Arizona Softens Tone on Illegal Immigrants - Sentiment Shifts on Tough 2010 Law That Business Leaders Say Has Hurt the State, as Legislators Turn Focus to Economy.
Once the leader among states in cracking down on illegal immigration, Arizona is showing signs of tempering its approach to the contentious issue.
Business, civic and religious leaders last month unveiled a statement of principles, dubbed the "Arizona Accord," that calls for a new strategy. It notes the economic contribution of immigrants, espouses federal rather than state solutions, opposes policies that result in the separation of families and embraces a culture of inclusion.
So far, signatories on the business side include the Greater Phoenix Economic Council, the Arizona Farm Bureau and top executives of large construction firms and agriculture concerns, among others.
Business lobbying already played a role in the defeat last year of further measures to curb illegal immigration advanced by state lawmakers. In 2010, Arizona lawmakers passed a law that made it a crime to be undocumented and required police to question people about their immigration status. Key components of that law have been put on hold by a federal court, and it will be reviewed by the Supreme Court in April.
The Arizona law inspired legislators in other states to craft similar measures. Arizona-style bills were signed into law in Alabama and other states. But in November, voters in Mesa, a conservative suburb of Phoenix, recalled the architect of the 2010 Arizona law. Senate President Russell Pearce was ousted by Jerry Lewis, who campaigned for less-confrontational immigration policies.
Now, some Arizona lawmakers who once said state bills were necessary because the federal government was failing to secure the border are striking a different tone and suggesting the measures were counterproductive.
"In Arizona, we're no longer willing to throw illegal-immigration bills against the wall to see what sticks," said Adam Driggs, a Republican state senator who supported many measures to curb illegal immigration in the past. "Our focus is whether a law will be effective. We as a state can work with federal agencies and not be at odds with them."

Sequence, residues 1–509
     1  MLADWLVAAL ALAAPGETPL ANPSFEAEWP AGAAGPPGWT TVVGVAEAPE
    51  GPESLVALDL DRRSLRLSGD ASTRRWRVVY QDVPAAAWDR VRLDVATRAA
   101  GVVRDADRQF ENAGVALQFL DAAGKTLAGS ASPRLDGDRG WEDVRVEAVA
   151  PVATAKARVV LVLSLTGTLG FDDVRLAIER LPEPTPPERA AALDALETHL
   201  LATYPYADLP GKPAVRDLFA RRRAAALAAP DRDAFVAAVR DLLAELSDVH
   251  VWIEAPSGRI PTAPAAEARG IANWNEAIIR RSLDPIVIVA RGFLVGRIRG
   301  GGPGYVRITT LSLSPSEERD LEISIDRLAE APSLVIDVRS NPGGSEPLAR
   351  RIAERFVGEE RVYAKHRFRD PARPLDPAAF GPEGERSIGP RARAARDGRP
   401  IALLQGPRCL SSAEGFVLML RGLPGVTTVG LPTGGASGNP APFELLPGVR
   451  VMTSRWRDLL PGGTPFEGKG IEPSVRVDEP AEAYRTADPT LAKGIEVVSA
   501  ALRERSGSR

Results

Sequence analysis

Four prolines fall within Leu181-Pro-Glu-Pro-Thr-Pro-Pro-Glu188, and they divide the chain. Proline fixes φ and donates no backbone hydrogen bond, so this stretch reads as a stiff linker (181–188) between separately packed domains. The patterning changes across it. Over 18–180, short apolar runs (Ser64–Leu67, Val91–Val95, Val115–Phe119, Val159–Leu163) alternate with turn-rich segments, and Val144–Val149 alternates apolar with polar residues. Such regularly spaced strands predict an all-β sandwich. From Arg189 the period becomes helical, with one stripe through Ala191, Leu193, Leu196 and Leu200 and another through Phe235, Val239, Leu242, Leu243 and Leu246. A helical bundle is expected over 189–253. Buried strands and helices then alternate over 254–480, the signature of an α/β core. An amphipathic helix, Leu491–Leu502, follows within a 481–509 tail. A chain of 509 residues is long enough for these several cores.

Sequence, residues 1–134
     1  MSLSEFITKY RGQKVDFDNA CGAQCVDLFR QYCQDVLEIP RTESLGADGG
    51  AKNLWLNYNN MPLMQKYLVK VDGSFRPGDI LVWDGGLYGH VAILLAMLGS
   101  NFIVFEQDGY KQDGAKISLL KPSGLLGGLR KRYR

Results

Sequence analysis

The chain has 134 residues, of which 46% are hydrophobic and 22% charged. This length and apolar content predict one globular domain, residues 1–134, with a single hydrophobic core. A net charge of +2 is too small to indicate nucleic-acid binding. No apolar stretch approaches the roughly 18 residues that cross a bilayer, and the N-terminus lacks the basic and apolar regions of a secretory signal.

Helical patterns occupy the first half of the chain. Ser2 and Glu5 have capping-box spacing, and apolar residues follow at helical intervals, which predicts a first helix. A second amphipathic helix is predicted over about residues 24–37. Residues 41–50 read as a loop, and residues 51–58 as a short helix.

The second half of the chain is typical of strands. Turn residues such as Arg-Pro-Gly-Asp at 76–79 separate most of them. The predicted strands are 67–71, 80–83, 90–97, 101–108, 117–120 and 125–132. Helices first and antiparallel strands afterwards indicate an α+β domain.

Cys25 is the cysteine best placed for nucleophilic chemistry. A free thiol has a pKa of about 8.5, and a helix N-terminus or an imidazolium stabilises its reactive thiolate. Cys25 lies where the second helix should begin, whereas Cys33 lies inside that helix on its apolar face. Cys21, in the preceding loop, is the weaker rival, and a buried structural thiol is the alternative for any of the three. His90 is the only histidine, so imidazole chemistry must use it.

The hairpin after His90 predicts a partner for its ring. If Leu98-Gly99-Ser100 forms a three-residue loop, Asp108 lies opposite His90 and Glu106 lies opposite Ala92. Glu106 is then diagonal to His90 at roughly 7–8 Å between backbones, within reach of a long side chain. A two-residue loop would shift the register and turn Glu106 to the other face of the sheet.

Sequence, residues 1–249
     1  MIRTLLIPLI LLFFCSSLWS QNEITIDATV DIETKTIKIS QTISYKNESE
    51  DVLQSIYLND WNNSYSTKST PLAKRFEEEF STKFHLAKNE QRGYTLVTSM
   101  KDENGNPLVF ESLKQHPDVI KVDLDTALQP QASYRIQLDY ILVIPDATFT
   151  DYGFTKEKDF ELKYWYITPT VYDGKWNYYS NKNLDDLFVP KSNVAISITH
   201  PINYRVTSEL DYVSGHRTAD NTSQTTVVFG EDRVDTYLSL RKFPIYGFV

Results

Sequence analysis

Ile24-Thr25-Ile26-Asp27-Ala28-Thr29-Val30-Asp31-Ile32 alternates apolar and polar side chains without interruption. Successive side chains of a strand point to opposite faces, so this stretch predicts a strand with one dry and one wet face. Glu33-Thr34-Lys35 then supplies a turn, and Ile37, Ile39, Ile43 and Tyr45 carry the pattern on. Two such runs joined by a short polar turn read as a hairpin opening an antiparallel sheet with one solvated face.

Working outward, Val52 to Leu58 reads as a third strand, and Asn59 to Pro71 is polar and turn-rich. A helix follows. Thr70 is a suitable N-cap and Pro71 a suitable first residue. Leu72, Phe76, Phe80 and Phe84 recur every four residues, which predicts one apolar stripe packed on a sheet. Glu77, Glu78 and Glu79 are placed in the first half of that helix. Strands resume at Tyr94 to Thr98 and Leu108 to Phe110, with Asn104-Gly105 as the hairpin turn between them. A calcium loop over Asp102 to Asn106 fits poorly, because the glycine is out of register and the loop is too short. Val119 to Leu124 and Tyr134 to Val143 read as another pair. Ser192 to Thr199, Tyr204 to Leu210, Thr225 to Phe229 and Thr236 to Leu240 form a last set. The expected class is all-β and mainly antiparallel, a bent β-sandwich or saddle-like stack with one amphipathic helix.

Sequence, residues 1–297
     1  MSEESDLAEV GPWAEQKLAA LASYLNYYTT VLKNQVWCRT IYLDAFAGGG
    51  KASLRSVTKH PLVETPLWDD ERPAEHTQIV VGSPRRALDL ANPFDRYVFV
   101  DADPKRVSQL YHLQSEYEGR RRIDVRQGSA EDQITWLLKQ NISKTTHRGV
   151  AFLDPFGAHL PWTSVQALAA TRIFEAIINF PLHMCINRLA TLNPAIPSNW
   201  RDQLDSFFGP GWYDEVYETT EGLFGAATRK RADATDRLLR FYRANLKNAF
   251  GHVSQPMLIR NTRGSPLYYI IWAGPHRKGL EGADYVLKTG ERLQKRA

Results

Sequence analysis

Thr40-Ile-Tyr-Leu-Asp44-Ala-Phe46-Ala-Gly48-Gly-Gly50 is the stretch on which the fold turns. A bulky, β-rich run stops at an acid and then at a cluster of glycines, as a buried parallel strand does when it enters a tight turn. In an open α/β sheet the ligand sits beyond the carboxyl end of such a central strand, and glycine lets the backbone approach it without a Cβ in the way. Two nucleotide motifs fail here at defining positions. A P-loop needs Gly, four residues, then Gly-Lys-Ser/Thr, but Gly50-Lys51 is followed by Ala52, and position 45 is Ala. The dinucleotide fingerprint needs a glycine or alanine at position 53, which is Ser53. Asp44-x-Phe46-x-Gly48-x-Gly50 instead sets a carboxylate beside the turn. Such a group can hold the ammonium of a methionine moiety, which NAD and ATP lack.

In the last legislative session, five illegal-immigration proposals were defeated. In the current session, several Republican senators have co-sponsored a measure designed to soften a 2007 law that punishes employers of illegal immigrants.
Matthew Benson, a spokesman for Republican Gov. Jan Brewer, said it was "fair to say" that immigration wasn't commanding as much attention these days. "From the governor's perspective, the people of Arizona expect the governor to support both a secure border and push for an improved economy," he said.
Business leaders say tourism and conventions, one of the state's top industries, suffered cancellations after the 2010 measure was passed. "The law was Draconian and fanned anger," said Nan Walden, vice president of Farmers Investment Co., a large pecan grower and exporter who signed the Arizona Accord.
The measure also threatened her business, she said. After the bill's passage, her company appeared on a list of companies to boycott; its offices in southern Arizona were visited by people asking whether illegal immigrants worked there.
Glenn Hamer, president of the Arizona Chamber of Commerce, said that in contrast to previous years, "the word immigration did not come up" during a recent annual legislative forecast luncheon with top state elected officials. "The focus was on what the state could do to improve the economy," Mr. Hamer said.
Shortly after the new legislative session opened, Mr. Lewis and eight fellow Republican state senators introduced a bill on Jan. 30 that would provide safe-harbor protections for businesses that use a federal employment verification program to ensure they are hiring legal workers. Under existing law, employers could be criminally prosecuted for unknowingly employing undocumented immigrants even if they used the E-Verify system.
The next day, Republican state Sen. Steve Smith introduced two anti-illegal immigration bills, signaling that some lawmakers see a need for even tougher measures. One would require school districts to keep a record of students who are undocumented immigrants. The other would require that hospitals notify immigration authorities when they treat uninsured patients who can't prove legal status.
Mr. Smith says his goal is to inform voters where their tax dollars are going. "I don't have to listen to the business community and CEOs," he said, noting that business leaders comprised a small part of his constituency.
Both bills are tweaked versions of measures that the Senate rejected last year after a fiery debate that involved intense behind-the-scenes lobbying by dozens of business people, an open letter signed by 60 chief executives and testimony by the Arizona Chamber of Commerce. "The arithmetic is not more favorable for passage this year," said Mr. Hamer, the chamber's president.